July 30, 2014

Washington Nationals Game 109 Review: Nats beat Astros on “Bad News Bears” play in 11th

Over the course of a 162-game season, they aren’t all going to be easy. Or pretty. But a win is a win, and with the Atlanta Braves already having secured victory a couple of hours earlier, the Washington Nationals knew they had to find a way in extra innings to win back that ballgame.

Fortunately, the Houston Astros helped. A lot.

What could only be described as a bad little league play in the top of the 11th inning allowed Roger Bernadina to carry home what would be the winning run, letting the Nats off the hook in a sloppy, disjointed mess with a 5-4 win, before what remained of a crowd announced at 13,843 — lowest in Minute Maid Park history.

Only a few hundred were left to witness the “Bad News Bears” finish to this one.

Bernadina, who entered as a defensive replacement with the Nats leading in the eighth inning, singled through the hole on the right side off reliever Wilton Lopez. Kurt Suzuki tried to give himself up, but the popped-up bunt landed between Lopez and first baseman Steve Pearce. Both players chased the ball — then collided – while third baseman Matt Downs leapfrogged the pile. Pearce recovered to field the ball, but the hurried throw sailed past second baseman Jose Altuve (all 5’5″ of him), covering at first, and into foul territory down the right field line.

Bernadina had to hold on the popped up bunt, so he didn’t get a good break off the bag. By the time right fielder Brian Bogusevic retrieved the ball, The Shark still had not reached third. But he ran through Bo Porter’s stop sign and headed for the plate. It would have been a close play, but Bogusevic’s throw from short right field was air-mailed and carried all the way to the backstop. Bernadina was safe and Suzuki settled in at third base when the dust settled.

One run on one bunt hit and two throwing errors. Just like the Nats drew it up.

All that was left was for Craig Stammen to complete his second inning of work unscathed, which he was able to do, and the Nats had their 66th win of the season and held on to their three-game lead over the Braves. Stammen (W, 5-1, 2.32) walked one and struck out one in two innings of relief.

Extra innings were required as Tyler Clippard suffered his fourth blown save of the season in the bottom of the ninth, allowing a run on a hit batter, a walk, and a run-scoring double by Houston’s All-Star, the diminutive Altuve.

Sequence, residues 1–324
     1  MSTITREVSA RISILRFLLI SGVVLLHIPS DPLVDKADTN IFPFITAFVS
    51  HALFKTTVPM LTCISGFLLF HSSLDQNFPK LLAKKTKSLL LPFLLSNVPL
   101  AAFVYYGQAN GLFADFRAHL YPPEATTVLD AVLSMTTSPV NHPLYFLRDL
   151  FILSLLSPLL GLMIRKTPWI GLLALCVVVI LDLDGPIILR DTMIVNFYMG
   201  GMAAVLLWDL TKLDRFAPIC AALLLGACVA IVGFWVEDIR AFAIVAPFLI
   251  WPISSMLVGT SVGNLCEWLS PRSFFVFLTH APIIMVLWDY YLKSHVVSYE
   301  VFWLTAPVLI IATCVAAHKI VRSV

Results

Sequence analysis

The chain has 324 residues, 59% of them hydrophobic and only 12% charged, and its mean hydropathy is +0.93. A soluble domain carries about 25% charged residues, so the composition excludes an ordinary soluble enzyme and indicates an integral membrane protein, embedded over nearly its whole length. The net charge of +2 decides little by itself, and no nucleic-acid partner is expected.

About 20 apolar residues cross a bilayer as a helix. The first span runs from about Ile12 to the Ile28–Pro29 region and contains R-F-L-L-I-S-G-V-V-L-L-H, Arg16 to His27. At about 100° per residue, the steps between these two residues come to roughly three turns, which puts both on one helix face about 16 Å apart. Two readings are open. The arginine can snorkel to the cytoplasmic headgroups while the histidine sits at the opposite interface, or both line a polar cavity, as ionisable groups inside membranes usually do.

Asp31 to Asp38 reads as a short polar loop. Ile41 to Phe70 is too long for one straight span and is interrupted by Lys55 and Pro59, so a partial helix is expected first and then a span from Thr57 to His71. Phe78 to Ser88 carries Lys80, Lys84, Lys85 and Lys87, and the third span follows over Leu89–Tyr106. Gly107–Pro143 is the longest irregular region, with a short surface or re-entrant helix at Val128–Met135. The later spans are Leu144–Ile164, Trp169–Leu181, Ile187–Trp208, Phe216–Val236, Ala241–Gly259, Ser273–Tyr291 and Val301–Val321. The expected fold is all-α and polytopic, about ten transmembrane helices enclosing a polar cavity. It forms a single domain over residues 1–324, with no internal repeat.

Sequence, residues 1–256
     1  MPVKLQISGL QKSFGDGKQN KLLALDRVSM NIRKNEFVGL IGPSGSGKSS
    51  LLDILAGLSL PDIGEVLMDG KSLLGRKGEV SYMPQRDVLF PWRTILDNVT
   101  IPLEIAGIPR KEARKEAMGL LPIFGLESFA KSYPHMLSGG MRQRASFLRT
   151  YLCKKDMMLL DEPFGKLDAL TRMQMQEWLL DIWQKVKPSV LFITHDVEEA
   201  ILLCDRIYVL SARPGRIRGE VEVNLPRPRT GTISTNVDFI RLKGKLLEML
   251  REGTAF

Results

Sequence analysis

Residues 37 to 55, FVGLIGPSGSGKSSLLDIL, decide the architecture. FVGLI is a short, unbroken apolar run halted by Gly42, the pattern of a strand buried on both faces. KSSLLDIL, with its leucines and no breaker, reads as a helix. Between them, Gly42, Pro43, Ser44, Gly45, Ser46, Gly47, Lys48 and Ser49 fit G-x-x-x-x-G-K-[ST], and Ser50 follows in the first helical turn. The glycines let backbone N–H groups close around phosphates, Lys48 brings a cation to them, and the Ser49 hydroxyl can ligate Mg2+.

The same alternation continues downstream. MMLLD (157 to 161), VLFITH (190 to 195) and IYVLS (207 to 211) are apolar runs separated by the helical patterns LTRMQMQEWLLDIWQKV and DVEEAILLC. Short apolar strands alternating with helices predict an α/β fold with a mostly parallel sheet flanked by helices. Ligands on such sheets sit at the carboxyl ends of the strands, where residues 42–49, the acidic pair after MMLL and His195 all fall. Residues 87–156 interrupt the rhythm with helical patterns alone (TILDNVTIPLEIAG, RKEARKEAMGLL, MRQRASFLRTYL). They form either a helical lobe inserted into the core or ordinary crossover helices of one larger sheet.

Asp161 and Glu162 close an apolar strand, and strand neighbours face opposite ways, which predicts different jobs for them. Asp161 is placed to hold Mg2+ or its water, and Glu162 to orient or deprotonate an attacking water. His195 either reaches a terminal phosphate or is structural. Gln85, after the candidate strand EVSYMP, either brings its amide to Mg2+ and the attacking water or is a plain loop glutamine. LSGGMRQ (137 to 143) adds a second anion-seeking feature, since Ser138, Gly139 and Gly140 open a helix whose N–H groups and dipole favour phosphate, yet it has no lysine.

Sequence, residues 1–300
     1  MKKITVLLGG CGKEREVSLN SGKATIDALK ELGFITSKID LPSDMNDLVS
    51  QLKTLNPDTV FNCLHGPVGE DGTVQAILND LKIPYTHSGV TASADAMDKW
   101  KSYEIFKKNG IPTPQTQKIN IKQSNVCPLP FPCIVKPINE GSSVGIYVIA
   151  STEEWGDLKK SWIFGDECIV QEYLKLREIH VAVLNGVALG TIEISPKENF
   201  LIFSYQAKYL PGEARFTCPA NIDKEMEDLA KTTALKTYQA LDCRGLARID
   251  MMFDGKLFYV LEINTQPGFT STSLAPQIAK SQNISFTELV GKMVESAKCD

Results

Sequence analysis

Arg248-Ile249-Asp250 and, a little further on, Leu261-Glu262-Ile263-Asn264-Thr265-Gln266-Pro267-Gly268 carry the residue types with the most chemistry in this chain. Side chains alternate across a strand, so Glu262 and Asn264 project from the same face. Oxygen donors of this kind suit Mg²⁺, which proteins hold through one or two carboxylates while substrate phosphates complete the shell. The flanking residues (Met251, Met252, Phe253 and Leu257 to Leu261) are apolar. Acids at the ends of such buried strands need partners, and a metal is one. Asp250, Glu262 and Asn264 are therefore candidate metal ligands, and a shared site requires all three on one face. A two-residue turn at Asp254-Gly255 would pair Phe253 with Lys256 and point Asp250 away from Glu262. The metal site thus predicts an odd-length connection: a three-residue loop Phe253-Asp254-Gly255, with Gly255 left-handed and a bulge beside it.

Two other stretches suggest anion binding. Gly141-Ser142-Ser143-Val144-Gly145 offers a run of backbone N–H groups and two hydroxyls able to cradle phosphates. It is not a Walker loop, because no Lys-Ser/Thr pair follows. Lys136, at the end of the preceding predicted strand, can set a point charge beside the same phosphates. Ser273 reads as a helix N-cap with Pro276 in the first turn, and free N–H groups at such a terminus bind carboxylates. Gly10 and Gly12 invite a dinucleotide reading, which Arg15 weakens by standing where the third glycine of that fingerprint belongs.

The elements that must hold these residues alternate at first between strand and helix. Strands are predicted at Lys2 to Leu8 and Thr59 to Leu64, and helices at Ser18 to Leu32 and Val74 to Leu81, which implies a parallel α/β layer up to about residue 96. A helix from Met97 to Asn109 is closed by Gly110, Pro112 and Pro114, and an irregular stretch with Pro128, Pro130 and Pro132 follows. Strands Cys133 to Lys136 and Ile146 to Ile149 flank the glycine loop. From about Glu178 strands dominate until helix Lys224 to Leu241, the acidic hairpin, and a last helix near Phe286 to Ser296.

There was all sorts of strangeness and weirdness in this game, which saw the Nats burn through seven relief pitchers and everyone on the bench save Jesus Flores, but at least they escaped it with a win. If not their dignity.

THE TAKEAWAY: All night long, but especially in the bullpen, the Nats pitched backwards, starting the Astros hitters off with breaking ball after breaking ball, as if they were facing the most powerful team in the league. Which they are not. Minute Maid Park is a joke of a park, with the left field “Crawford Boxes” jutting back into the field of play in left field just waiting to suck up routine fly balls as home runs. But the Nats game plan had their hurlers, normally fearless, pitching scared.

Drew Storen in the eighth, and Clippard in the ninth in particular, kept throwing sliders and changeup away to right-handed hitters like they were Alex Rodriguez.  Storen walked his first two batters when he wouldn’t get close to the plate with the off-speed stuff. Clippard just looked all out of sorts after catching a spike and spinning off the mound attempting his first pitch. Hopefully they’ll revise the game plan overnight and attack Houston’s punch-and-judy attack the rest of the series.

THE GOOD: Ryan Zimmerman went 2-for-4 with 2 RBIs. Danny Espinosa, Michael Morse, Jayson Werth and Kurt Suzuki all had two hits apiece. Nats starter Edwin Jackson gave up two earned on two hits and two walks, striking out eight. He deserved a better fate than a no-decision.

THE BAD: Bryce Harper went 0-for-4 with a K and a walk.

THE UGLY: I used two paragraphs to describe it above. The game-winning play was as ugly on a Major League field as it can get.

THE STATS: 14 hits, 2 BBs, 6 Ks. 3-for-10 with RISP, 8 LOB, 2 GIDP. No errors or double plays.

NEXT GAME: Tuesday at 8:05 pm against the Astros. Ross Detwiler (6-4, 3.02) faces Jordan Lyles (2-8, 5.95).

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